How Accurate Was Your Breathalyzer Test?
If you have recently been arrested for DUI in Arizona? If so, chances are that the Arizona law enforcement officer probably administered a breath test or breathalyzer test to help determine the amount of alcohol in your body. When a person consumes alcohol, the body immediately absorbs the alcohol in the mouth, the stomach, and the intestines. The alcohol that you consume, quickly enters your blood. Once the alcohol enters the body, it quickly starts to exit the body; with each breath, some alcohol is exhausted from the lungs and out of the body. The breathalyzer is a device used by Arizona Law Enforcement to help prove their DUI or DWI case against you.
As you breathe, some of the ingested alcohol leaves your system through your breath, this is the alcohol that Breathalyzers are designed to test, Breathalyzers test this exhausted alcohol from your exhaled breaths. To ensure accurate results of a breathalyzer test a person being tested must take a “deep lung air” sample, basically by taking a really deep breath and then subsequently exhaling the “deep breath” into the breathalyzer machine. After a person blows air into the Breathalyzer’s mouthpiece, a chemical reaction takes place which measures the blood-alcohol content. A breathalyzer is able to draw a very accurate reading of your BrAC or Breath Alcohol Concentration.
Is a Breathalyzer Accurate?
The accuracy of a breathalyzer test is something that is often challenged by many Arizona DUI attorneys. The Breathalyzer is a machine, and its accuracy depends upon two factors:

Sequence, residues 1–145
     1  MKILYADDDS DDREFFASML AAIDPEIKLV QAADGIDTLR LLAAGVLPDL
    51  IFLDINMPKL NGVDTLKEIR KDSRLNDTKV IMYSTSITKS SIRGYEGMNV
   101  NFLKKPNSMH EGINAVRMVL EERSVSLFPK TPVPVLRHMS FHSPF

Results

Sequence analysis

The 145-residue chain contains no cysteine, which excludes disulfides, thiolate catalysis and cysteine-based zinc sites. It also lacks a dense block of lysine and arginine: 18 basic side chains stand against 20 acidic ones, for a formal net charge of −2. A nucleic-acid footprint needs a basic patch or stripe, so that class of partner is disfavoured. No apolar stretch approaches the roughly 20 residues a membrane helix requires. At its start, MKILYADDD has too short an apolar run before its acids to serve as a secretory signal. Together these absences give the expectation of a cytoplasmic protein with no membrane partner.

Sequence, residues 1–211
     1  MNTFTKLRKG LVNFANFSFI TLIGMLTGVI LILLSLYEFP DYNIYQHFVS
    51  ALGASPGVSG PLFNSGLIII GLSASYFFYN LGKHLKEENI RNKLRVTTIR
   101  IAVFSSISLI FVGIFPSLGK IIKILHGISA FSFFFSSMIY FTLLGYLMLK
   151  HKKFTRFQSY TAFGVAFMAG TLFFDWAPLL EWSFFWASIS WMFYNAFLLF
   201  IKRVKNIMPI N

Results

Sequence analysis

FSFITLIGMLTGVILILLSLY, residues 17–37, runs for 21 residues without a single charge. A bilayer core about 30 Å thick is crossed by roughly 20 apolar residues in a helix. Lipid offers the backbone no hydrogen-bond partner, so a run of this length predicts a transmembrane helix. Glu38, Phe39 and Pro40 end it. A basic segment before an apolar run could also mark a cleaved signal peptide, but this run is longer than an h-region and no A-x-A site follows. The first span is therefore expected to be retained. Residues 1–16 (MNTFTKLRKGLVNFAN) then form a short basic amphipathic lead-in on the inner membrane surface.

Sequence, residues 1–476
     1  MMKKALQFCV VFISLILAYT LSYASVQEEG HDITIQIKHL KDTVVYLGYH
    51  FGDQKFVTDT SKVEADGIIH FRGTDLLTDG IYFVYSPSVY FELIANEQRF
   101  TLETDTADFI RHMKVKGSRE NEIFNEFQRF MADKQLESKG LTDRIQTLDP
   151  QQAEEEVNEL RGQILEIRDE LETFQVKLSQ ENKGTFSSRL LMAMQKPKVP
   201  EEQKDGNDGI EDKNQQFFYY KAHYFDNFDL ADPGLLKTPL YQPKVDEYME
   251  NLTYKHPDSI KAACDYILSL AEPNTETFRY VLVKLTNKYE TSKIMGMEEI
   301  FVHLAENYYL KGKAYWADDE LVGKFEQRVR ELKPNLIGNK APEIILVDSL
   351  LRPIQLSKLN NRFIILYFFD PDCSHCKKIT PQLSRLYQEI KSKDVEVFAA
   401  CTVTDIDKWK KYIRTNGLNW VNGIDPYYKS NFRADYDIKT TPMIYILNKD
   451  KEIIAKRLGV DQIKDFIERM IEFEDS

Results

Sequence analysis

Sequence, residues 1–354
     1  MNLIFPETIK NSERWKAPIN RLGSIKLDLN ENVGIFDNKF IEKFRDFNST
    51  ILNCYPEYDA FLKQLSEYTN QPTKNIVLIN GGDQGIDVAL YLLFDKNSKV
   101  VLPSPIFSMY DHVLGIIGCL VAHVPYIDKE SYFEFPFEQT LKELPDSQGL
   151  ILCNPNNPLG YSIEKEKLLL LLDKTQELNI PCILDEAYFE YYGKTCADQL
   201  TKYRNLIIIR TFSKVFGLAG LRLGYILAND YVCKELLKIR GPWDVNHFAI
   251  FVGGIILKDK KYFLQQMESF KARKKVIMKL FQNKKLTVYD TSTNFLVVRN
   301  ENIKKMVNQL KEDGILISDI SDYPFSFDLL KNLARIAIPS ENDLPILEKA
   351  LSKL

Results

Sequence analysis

1. Proper Function of the Breathalyzer itself and 2. Human Operation of the Breathalyzer.
Not much to the operation of a breathalyzer, however, operator error happens frequently. A Breathalyzer is only as accurate as the operator. Arizona Law Enforcement officers are trained in proper use and operation of a breathalyzer, however, even with the best of training, errors do happen. These errors can lead to inaccurate breathalyzer readings, false arrests by Arizona Law Enforcement, and opens the door for our experienced DUI attorneys to challenge the very accuracy of the tests administered.
A few of the many issues that can be challenged by one of our DUI experts during an Arizona DUI arrest include: The maintenance of the breathalyzer equipment, making sure breathalyzer equipment is periodically tested and calibrated, and challenging the operator use of said breathalyzer equipment. The breathalyzer operator turning the control on the Breathalyzer to obtain the correct reading is an important step in obtaining an accurate BAC reading. Operation of the breathalyzer equipment is crucial and human error can occur, especially in a case that is borderline 0.08 (The current legal level in Arizona). Maintenance of the breathalyzer equipment is done to ensure accuracy. Like any machine, it must function properly in order to fulfill its intended use.
Blood Tests are More Accurate than Breath Tests
A Breathalyzer is not as accurate as a blood test and Arizona Law Enforcement knows this. They will simply arrest you if you fail either a field sobriety test or a breathalyzer test. Once in custody, they will draw blood from you to get a more accurate reading of your true blood alcohol level. The alcohol is in the blood, so testing the blood will be more accurate.
According to Alcohol Test Information, the results of a Breathalyzer can vary as much as 15 percent from the actual blood-alcohol concentration. There are many reasons for the variation, the main being that the Breathalyzer is measuring alcohol levels from breath as opposed to blood. The alcohol levels in the blood are a more accurate indicator of a person’s true blood alcohol level than what is delivered through testing done with a breathalyzer.
Note: You may refuse to perform field sobriety tests when an officer asks. If you do perform the Field Sobriety Tests, the results WILL BE USED AGAINST YOU in your DUI case.
The information on this website is for general information purposes only. Nothing on this site should be taken as legal advice for any individual case or situation. This information is not intended to create, and receipt or viewing does not constitute, an attorney-client relationship.